If there is a missing argument, there is sort of an implicit 'what':
your-accord we do now?
what should we do now, in your opinion?
In this circumstance, the by-your-opinion is always clause-initial (if the language does wh-fronting). 

Further, these can serve as a somewhat adpositional things, giving, for instance,
plan-acc your-accord is?
what is your opinion of the plan?
elections-acc his-accord are superfluous
by his opinion, elections are superfluous
However, pronouns are  incorporated, giving a double possessive structure:
its-his-accord: by his opinion of it

#446

February 4th, 2016 by surullinensaukko

Get yourself some denim and make yourself a jonlang.

Detail #253: Mixing Alignments – Split-Ergative/Inverse

February 3rd, 2016 by Miekko
I remember back when ergativity was sort of new and unfamiliar to most conlangers – today, split ergativity is almost old hat, and people are getting into alignments like inverse, secundative and so on.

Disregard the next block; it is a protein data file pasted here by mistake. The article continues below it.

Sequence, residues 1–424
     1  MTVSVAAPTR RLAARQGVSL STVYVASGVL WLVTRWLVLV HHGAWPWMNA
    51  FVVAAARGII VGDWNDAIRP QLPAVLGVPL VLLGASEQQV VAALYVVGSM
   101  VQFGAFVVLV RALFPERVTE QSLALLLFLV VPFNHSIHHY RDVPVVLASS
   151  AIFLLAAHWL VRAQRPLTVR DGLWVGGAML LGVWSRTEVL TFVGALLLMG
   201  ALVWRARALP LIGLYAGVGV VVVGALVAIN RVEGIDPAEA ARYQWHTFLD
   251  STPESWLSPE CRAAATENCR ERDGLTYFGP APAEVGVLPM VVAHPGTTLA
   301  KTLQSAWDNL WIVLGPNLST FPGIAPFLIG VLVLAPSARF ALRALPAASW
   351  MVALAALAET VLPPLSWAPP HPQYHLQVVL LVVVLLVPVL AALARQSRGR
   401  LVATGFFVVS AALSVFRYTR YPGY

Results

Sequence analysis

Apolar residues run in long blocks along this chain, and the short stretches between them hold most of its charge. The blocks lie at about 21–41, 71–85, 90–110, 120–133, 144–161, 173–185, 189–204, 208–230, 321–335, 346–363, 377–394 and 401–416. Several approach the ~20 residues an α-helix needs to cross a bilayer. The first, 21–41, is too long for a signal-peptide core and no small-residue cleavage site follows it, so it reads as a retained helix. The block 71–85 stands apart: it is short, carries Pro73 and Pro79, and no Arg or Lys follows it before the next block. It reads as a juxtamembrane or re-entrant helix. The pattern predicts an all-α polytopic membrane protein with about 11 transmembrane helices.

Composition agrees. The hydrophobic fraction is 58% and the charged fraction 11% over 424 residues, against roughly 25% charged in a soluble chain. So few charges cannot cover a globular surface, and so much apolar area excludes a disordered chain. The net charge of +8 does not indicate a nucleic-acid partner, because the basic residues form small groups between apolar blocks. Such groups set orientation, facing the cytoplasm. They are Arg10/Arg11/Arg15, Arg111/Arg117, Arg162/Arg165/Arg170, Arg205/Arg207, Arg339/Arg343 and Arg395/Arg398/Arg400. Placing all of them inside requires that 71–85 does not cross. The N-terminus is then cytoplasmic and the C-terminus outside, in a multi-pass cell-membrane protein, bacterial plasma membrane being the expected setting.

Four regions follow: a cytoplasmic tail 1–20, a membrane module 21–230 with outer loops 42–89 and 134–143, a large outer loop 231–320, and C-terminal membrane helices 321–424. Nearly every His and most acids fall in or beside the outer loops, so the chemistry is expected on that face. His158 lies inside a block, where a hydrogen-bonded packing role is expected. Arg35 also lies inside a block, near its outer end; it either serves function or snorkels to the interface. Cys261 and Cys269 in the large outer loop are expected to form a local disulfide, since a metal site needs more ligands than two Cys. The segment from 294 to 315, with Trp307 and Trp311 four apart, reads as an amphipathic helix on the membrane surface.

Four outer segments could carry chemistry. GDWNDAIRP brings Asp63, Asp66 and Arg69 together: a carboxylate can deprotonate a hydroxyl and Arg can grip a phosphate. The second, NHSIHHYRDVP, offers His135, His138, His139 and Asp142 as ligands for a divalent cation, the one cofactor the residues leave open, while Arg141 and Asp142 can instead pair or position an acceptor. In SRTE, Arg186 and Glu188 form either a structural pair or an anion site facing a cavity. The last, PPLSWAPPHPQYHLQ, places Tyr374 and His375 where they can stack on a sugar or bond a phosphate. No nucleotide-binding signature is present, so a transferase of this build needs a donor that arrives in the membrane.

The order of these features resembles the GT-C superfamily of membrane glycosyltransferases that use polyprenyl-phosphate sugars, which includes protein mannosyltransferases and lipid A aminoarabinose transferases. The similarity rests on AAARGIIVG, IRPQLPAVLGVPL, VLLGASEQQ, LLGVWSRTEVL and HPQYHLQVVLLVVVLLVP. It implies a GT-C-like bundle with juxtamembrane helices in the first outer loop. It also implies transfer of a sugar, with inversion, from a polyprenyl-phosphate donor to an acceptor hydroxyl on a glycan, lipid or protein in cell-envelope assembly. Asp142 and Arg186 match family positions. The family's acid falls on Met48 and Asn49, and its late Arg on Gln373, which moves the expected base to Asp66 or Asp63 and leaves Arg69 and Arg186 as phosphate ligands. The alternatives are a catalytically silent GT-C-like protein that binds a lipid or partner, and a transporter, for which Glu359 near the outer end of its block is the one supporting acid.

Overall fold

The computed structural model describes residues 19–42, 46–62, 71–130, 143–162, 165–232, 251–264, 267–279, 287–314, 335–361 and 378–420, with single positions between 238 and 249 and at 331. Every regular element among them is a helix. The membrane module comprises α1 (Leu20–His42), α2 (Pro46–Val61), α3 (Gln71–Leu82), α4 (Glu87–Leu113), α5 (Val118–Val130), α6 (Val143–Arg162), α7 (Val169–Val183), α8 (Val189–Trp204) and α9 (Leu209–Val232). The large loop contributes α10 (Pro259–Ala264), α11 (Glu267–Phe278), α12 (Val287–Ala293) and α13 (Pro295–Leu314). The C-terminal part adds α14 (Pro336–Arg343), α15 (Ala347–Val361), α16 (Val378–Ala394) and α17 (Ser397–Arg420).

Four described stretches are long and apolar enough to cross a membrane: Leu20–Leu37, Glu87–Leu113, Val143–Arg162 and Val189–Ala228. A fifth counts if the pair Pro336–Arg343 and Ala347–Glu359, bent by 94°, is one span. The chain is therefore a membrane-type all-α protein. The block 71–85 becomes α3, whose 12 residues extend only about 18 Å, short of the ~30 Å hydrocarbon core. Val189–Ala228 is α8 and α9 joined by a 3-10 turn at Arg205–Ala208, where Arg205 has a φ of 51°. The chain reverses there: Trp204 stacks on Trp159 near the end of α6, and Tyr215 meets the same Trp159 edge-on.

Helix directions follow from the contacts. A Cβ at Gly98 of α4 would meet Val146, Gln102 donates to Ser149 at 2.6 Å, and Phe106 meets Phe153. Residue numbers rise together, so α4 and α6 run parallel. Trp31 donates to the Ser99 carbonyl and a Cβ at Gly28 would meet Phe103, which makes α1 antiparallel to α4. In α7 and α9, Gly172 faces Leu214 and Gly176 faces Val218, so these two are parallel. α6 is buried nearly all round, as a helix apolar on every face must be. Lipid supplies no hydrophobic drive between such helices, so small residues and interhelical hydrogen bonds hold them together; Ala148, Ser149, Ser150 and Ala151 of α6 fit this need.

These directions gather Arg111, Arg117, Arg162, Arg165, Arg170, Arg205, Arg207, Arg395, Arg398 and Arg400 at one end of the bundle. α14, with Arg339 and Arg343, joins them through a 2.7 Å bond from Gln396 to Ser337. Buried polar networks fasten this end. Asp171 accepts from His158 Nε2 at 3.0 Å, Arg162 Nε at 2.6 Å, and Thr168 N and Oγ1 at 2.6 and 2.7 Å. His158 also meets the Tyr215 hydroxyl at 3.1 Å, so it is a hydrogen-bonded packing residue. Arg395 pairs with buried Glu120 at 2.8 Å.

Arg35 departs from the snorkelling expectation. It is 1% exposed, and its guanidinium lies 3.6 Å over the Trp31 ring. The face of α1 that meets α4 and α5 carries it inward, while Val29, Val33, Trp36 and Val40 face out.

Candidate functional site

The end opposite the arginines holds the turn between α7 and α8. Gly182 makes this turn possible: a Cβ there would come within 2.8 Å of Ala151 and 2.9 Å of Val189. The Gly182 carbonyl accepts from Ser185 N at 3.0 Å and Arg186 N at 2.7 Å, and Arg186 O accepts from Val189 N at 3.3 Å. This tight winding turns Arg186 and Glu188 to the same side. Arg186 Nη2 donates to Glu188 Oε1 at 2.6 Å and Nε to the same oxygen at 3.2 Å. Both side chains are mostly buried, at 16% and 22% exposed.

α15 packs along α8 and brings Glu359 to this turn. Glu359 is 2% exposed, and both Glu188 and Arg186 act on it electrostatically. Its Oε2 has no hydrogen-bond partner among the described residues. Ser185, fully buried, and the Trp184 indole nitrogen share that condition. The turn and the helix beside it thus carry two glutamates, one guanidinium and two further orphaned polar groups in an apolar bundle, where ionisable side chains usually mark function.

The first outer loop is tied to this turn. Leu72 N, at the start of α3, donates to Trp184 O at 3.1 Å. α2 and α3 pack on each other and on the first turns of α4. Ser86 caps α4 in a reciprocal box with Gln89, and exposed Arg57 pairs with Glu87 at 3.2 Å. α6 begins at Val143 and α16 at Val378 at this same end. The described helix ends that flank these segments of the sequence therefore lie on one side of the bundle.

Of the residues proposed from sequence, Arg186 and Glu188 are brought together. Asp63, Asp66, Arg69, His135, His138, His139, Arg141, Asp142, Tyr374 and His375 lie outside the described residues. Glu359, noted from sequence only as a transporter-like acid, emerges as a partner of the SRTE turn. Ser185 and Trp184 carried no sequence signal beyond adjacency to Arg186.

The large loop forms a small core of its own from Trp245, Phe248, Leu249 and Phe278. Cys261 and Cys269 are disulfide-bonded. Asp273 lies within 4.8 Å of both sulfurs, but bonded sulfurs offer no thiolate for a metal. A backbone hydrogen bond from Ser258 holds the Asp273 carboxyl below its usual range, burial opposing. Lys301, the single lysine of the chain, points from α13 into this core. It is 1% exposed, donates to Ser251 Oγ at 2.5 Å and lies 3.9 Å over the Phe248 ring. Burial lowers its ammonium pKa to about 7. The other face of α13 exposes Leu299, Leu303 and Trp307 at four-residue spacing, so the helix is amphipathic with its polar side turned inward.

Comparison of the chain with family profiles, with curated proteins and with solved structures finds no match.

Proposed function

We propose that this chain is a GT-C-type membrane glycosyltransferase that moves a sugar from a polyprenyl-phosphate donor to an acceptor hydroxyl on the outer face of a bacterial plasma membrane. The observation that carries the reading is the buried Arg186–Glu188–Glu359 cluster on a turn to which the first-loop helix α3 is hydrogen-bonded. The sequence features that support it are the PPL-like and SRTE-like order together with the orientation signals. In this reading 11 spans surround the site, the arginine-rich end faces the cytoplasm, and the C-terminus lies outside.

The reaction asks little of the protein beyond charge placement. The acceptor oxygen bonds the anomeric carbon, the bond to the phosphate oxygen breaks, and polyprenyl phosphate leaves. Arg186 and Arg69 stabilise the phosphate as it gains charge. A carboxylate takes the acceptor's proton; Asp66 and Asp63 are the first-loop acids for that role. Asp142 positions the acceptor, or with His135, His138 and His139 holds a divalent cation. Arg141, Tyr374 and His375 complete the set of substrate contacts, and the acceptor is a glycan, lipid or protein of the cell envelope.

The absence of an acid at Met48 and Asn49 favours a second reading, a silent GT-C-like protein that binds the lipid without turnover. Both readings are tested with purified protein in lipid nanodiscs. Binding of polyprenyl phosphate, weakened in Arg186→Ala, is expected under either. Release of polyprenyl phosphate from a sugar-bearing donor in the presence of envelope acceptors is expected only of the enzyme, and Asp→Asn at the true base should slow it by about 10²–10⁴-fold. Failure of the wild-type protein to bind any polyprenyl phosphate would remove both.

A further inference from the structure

Let's however consider split-alignment again for a moment. How do we resolve subjects when we coordinate a transitive and an intransitive verb?
man wolf see-DIRECT and run-INTRANS
[assuming man > wolf in the animacy hierarchy)
Is it the man or the wolf who runs? If the language underlyingly is accusative, it would be the man. If the language underlyingly is ergative, it's the wolf who is running. Now, the split-inverse/ergative option sort of appeals to me - and in this case, we'd have the man running if we did
man wolf see-INVERSE and run-INTRANS.
Now, how about some other options? We could have direct and inverse apply to intransitives in a way similar to switch-reference (but limited to intransitives after transitives), thus giving us: